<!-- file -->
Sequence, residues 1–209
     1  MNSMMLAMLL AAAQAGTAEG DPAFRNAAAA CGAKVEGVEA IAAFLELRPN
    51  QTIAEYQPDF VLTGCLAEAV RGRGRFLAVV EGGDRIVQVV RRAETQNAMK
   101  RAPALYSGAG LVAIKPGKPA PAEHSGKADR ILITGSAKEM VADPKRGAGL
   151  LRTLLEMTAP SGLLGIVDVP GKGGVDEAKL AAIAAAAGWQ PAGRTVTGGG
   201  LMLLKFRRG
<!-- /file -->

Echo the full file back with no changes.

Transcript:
Sequence, residues 1–209
     1  MNSMMLAMLL AAAQAGTAEG DPAFRNAAAA CGAKVEGVEA IAAFLELRPN
    51  QTIAEYQPDF VLTGCLAEAV RGRGRFLAVV EGGDRIVQVV RRAETQNAMK
   101  RAPALYSGAG LVAIKPGKPA PAEHSGKADR ILITGSAKEM VADPKRGAGL
   151  LRTLLEMTAP SGLLGIVDVP GKGGVDEAKL AAIAAAAGWQ PAGRTVTGGG
   201  LMLLKFRRG